Monday, March 17, 2008

Poetry cliches

The Virginia Quarterly Review, one of those obscure and probably old literary magazines that most colleges subscribe to because they feel an obligation to support the arts, has a great post about poetic cliches. I used to write poetry when I was in collge and for a while afterwards, but haven't written any in a while. I suppose film school will do that to you - you suddenly have LOTS of outlets for your creativity. When I was at Swarthmore, a friend of mine and I were talking about the cliches of bodily fluids in poetry - i.e., blood, sweat and tears. This friend of mine joked that no one wrote about lymph nodes. So I offered to do that. It was called "Panta Rhei," which is Latin for "everything flows" (my friend minored in Latin). I have no idea where it is any more, but I'm proud of the fact that, many, many years ago, I was so sensitive to artistic cliches that I made fun of them, and it only now that the poetry establishment is catching up to me. Ha!

hat tip: Andrew Sullivan

4 comments:

Waldo Jaquith said...

Uh. No. You have the wrong impression entirely. There are many words used to describe VQR, but "obscure" doesn't come up much. (Nor does the concept of subscribing to us to "support the arts.") Here are a few articles that might disabuse you of these notions:

Art Spiegelman: Portrait of the Artist as a Young %@?*!
Toño Angula Daneri: Aicuña Is Not an Albino Town
David J. Morris: The Big Suck: Notes from the Jarhead Underground
Chris Ware: Jordan W. Lint
Ashley Gilbertson: Last Photographs
Erik Campbell: The Accidental Plagiarist: The Trouble with Originality

And, since you're a poetry fan:

Odi Gonzales: Urban Virgins
Tom Sleigh: Airport Economy Inn
C. Dale Young: Sepsis
Adrienne Rich: Behind the Motel
Billy Collins: August

Seriously, just pick a couple of these and look at them, whatever appears interesting. You're unlikely to find us pitiable.

JohnTEQP said...

Ah, my bad. I take it back. My apologies to the good people at the Virginia Quarterly Review! Those comments were my biases showing through. I left academia with something of a bad taste in my mouth, so I'm a little too dismissive of the liberal arts. So I stand corrected! My faith is somewhat restored. I liked the literary posts - clearly more interesting than I used to see in these kinds of journals. Creative and innovative. Good work there.

But my opinions of poetry were not changed by the links here to the poems published in VQR. I read lots of poetry in college, but have long been disillusioned with contemporary poetry. Reading these poems, I finally figured out why: they are almost entirely observational. The characters in them don't DO anything. They just stand there watching the world go by. Not that there's anything wrong with observing in a poem - that's pretty much the point. But consider that very cliched Robert Frost poem about taking the road less traveled. One reason that resonates with so many people is that he actually made a decision. I don't feel like any of the people in these poems are capable of making decisions. Which, to me, means that the characters lack definition. But thanks for sharing! I'll have to pick up a copy of VQR the next time I am in a Borders.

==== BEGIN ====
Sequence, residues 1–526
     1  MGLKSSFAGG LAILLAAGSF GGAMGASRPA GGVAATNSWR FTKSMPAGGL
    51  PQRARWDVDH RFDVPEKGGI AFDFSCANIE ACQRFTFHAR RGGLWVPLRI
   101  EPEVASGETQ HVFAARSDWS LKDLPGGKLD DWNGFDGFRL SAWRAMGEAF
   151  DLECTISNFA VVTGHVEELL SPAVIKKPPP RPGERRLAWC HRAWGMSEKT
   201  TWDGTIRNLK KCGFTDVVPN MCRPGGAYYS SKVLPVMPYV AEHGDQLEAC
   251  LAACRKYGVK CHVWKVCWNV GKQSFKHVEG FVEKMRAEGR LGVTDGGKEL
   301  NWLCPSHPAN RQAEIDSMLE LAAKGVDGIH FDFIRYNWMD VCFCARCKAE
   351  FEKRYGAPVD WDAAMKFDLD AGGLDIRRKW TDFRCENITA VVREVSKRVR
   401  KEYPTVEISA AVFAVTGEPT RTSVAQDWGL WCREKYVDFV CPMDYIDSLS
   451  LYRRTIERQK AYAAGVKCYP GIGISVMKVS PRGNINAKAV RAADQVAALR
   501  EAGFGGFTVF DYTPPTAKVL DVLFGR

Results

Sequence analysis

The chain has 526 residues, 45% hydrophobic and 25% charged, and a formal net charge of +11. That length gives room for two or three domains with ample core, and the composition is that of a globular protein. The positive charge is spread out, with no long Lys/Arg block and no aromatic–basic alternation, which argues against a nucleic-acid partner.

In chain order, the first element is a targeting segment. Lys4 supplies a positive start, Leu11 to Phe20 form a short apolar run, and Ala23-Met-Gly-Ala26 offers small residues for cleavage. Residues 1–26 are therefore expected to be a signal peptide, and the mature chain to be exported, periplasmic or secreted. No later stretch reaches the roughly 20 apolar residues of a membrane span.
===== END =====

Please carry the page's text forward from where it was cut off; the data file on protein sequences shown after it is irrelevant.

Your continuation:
Waldo Jaquith said...

I'm actually with you on a good bit of contemporary poetry. It's so often a string of adjectives, the literary equivalent of a frosted window. It just doesn't do anything for me. (I've actually enrolled in an undergraduate poetry course here at UVa this semester, in an effort to get a better sense of it.) VQR wins accolades for our poetry, and we've published the biggest names in poetry in the 20th-21st centuries, so I understand in the abstract that it's good...but I'm simply not equipped to make that call myself.

An analogy of music might be fitting, since that I get. :) Somebody might tell me that a radio station is great because they play Queens of the Stone Age , Good Charlotte, Everclear and The White Stripes, and that might be true, but none of those bands do anything for me. Are they good? I don't know. But I don't like them.

Anyhow, I hope you'll pick up VQR. (Also, 30-50% of each issue is available online for free.) Though perhaps we won't make a poetry convert out of you, the prose and artwork is pretty awesome. In fact, there's a big announcement coming out tomorrow from the National Magazine Awards to that effect.

Thanks for keeping an open mind!

JohnTEQP said...

Cool, common ground! I will definitely pick up a copy of VQR the next time I see it at Borders. Maybe I'll even submit some poetry to it!

I get the music analogy, because I don't like any of those bands, either.

Congrats to VQR on whatever is coming from the National Magazine Awards!